Facing the Death of a Spouse with the Hope of the Gospel

By Ashley Stanley

Dear Dr. Keller,

In my husband’s passing, I have run into so many people that tell me they wished they would have told my husband what he meant to them. It has made me more aware of those who have had an impact on me. I wanted to reach out and let you know the impact you are having on me and the impact you had on my husband. My husband knew about your preaching and writing before I did and he read several of your books. They shaped his views of God and of marriage.

I really felt compelled to reach out after I listened to your sermon, “Marriage as Friendship.” In the first five minutes of that sermon you shared about how your congregation had just lost a young person and it reminded you of a dear friend that passed in his early 30s leaving a wife and two kids–and that he was a man of enormous potential. I heard that and felt as if you were talking about my husband.

My husband, Thomas Stanley, went to live with Jesus September 28, 2019. He was struck by lightning one quarter of a mile from the finish of a 50k race. He leaves behind me and our three kids, ages two, four, and six. He worked for the Kansas Leadership Center and during his time there, a portion of his job was to work with faith communities to make progress on issues they care about. He applied what he knew from work to every church we were ever involved in. He cared deeply about seeing churches and people be more effective followers of Jesus. When I heard your sermon and what you described, not only in those first five minutes about your friend but also what a marriage as friendship looks like, I felt like you were talking about us.

In that sermon, you talk about a quote from D.L. Moody where he tells people that when they one day in the future read about his death in the paper, they should not believe it. Instead, he says, at that time he will be more alive than he has ever been. That is such a beautiful truth.

As I saw my husband at the funeral home, I was overcome with such a grief. But a beautiful thing happened. As I looked at him, it was as if a switch flipped and I knew for the first time in such a profound way that we are eternal beings. Our bodies are not, but our souls are. Just as we hope that when we ourselves die we will indeed have eternal life — and we count on it — I was able to look on my husband and truly know that what I saw was just his body. That he was indeed alive at that very moment.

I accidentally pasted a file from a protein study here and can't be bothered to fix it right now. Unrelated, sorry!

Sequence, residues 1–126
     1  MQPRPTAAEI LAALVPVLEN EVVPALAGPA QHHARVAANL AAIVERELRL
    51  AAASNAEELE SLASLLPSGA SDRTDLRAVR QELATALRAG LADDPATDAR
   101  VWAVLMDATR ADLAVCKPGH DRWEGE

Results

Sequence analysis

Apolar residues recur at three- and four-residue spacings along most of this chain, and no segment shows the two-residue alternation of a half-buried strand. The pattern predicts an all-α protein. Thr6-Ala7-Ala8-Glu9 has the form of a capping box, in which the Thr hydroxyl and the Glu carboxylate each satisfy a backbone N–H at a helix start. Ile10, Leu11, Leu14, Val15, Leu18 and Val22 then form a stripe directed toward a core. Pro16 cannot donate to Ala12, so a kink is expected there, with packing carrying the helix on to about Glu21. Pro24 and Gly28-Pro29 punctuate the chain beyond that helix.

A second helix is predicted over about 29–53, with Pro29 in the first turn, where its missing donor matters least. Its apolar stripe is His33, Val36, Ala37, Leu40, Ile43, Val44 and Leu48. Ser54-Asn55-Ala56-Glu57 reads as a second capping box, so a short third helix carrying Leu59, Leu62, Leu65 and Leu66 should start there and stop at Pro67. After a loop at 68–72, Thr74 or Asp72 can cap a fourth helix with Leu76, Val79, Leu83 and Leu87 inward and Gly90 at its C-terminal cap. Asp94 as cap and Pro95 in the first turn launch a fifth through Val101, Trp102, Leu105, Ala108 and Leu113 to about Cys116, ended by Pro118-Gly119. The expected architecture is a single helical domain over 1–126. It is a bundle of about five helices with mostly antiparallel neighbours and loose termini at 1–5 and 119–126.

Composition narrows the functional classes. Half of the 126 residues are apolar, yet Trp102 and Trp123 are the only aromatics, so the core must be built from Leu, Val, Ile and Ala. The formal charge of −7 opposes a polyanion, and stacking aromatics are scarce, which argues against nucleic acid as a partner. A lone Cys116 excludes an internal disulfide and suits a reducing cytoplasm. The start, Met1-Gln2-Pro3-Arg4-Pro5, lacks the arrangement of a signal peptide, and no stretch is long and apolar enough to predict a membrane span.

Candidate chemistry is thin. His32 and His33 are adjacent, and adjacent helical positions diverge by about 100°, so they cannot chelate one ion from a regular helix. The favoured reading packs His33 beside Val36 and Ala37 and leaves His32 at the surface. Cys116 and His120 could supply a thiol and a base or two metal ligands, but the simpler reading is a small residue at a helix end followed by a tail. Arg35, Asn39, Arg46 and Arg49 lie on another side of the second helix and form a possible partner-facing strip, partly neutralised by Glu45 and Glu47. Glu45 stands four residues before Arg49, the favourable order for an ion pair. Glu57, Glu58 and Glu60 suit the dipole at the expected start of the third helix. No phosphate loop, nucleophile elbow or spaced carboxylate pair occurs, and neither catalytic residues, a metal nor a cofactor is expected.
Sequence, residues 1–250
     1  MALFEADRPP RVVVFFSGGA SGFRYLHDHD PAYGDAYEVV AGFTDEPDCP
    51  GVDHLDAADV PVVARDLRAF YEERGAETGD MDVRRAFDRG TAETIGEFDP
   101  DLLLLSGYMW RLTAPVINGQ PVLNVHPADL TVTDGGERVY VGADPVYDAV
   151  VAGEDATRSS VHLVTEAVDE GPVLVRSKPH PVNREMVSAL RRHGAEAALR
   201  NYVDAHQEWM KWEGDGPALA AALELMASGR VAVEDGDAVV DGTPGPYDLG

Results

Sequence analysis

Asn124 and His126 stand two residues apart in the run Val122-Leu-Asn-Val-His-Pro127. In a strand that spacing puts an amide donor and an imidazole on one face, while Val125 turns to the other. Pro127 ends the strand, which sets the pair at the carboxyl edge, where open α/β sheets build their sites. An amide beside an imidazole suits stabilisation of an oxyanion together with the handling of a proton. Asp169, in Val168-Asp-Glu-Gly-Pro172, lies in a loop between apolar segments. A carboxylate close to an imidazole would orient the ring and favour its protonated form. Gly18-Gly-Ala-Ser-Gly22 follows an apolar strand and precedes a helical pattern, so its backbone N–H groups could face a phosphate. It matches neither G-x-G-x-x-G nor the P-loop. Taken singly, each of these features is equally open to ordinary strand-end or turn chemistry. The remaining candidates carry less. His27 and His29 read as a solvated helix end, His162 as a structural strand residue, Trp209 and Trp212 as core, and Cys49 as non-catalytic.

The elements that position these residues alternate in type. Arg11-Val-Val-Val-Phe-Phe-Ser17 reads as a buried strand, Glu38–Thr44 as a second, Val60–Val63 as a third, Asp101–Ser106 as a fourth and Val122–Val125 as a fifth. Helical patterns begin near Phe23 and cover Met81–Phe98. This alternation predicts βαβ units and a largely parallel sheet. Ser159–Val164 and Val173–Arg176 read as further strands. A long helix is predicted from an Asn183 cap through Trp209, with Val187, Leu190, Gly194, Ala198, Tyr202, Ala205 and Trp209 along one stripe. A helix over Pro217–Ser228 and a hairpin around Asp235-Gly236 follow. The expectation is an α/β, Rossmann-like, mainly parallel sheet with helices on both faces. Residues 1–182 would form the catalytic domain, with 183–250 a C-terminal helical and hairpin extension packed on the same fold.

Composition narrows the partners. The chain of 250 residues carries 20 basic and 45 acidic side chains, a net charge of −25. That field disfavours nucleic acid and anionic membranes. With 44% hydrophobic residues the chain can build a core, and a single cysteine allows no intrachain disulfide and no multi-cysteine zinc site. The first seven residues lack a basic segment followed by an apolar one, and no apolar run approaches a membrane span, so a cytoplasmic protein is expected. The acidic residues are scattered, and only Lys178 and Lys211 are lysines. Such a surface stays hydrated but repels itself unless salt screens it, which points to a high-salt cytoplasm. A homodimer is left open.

Hearing your sermon further explained and put words to what I had been feeling. And when grief tries to take hold now, I have to slip on my eyes for eternity. And when I do that, I know so deeply that he is more alive than I am and that this life is just a breath.

What I have described is the work that God is helping me to do to process this pain. But I also believe he used your work to prepare me in advance for this as well. A whole series of things from February 2019 up until my husband’s accident, ranging from going to a new church to healing from past church wounds, happened to prepare me in advance for this.

…I was able to look on my husband and truly know that what I saw was just his body. That he was indeed alive at that very moment.

I believe the most significant preparation began in August after a past church acquaintance of ours was in a terrible car accident. The whole family was in the car, but the husband died leaving behind his wife and three kids. We barely knew them, but their story affected me so deeply. I started to feel depressed about it and finally I had to tell my husband that I wasn’t sure how to get out of it. In talking, it hit me that I needed to renew my mind and guard my heart in Christ. To dig deeper in him and surround myself with the things of Christ.

The next day, my husband sent a link to the sermon, “Befriending Grace.” Listening to that helped me to not give up on people, but to see the acorns of potential that each person has. I then listened to the next one in that series called “Forgiving Grace,” which helped me to better know how to forgive. Both of these sermons further carried on the work God began in me in the previous months to cleanse my heart of anger and bitterness that had taken root. All of those sermons put my mind back on God and and helped me to see people as I should.

Working on forgiveness allowed me to receive without bitterness after my husband’s accident. After his accident, people that had caused me pain from previous church experiences came around and I was able to receive them in true Christian fellowship rather than in bitterness. If God hadn’t begun that work, their help would have been near impossible to receive.

I was given a beautiful gift to be able to process the death of a spouse, with my spouse, only five weeks before I experienced it first hand. Colossians 3:1-2 talks about setting your heart and mind on things above. Your sermons helped me to do that. They became part of a process God was using to show me how to handle pain–dig deeper into God to learn more about him and draw near to him, setting your eyes on eternity and fixing your eyes on Jesus.

I know this is a long-winded way to say it, but thank you. Thank you for being faithful to Jesus and his calling on your life. In doing so, you have helped me know Jesus more and you have unknowingly helped prepare me for the toughest road I have ever walked.

The Stanley Family

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